Pakistani drone victim seeks to put US on trial

Chris Brummitt|Associated Press

FILE - In this Dec. 10, 2010 file photo, people chant slogans during a rally against U.S. drone attacks on Pakistani tribal areas in Islamabad, Pakistan. Three American missile attacks killed 54 alleged militants Friday Dec. 17, 2010 close to the Afghan border, Pakistani officials said. Now 17-year-old Sadaullah Wazir and his family want justice from America, which they say was behind the attack. Photo: Muhammed Muheisen / AP

ISLAMABAD (AP) — Sadaullah Wazir says he was relaxing in his front yard when the missile struck, hurling him against the wall and mangling his legs so badly that they had to be amputated. Three of his relatives died. Now the 17-year-old and his family want justice from America, which they say was behind the attack.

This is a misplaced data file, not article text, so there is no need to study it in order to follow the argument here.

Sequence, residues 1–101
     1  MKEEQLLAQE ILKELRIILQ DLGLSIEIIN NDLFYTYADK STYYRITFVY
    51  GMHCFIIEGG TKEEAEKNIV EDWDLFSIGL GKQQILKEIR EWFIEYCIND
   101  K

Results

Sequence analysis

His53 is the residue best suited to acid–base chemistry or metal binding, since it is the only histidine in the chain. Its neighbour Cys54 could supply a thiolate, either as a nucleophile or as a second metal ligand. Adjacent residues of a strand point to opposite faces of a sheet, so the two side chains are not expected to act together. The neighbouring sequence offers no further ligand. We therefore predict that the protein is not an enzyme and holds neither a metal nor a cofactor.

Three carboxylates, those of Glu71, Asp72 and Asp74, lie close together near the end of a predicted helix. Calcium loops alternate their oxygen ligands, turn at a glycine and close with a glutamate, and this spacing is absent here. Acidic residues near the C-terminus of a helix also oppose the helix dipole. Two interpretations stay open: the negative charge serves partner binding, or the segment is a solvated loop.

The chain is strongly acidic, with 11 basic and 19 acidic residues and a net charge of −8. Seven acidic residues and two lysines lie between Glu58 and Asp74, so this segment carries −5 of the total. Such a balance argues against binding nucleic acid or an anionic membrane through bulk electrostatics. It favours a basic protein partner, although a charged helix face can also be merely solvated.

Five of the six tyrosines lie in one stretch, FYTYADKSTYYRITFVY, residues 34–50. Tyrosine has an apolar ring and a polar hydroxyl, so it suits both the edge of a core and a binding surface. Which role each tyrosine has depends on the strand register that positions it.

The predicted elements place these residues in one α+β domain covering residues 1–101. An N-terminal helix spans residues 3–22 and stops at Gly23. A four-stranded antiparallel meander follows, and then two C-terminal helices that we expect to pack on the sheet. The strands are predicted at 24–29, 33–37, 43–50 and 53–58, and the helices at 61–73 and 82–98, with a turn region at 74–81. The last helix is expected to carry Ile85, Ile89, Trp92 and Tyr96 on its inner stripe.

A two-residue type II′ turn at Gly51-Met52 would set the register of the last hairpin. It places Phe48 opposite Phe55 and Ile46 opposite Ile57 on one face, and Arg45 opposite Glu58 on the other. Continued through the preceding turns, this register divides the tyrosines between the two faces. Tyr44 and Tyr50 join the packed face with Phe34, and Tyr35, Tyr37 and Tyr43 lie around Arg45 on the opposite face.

Detailed accounts by casualties such as Wazir rarely make it outside the tribal regions. He and other tribesmen recently traveled to Islamabad, the capital, to meet with lawyers who are planning to sue the CIA for damages, possibly adding a new layer of scrutiny to the agency’s covert war inside Pakistan.

American officials do not acknowledge that war or discuss who is being killed in drone-fired missile attacks on al-Qaida and Taliban targets, which have surged this year to average about two a week. But they have said privately that the strikes are highly precise and harm very few innocents. Some locals agree about their accuracy, especially when compared to bombing runs by Pakistani jets.

But some international law experts are questioning their legality. In June, Philip Alston, the independent U.N. investigator on extrajudicial killings, urged the U.S. to lay out rules and safeguards, publish figures on civilian casualties and prove they have tried other ways to capture or incapacitate suspects without killing them.

U.S. officials say the strikes are key to weakening al-Qaida and other militants who mount attacks in Afghanistan, just across the border.

“The CIA’s counterterrorism operations are precise, lawful, and effective,” said CIA spokesman George Little, responding to questions about threatened lawsuits.

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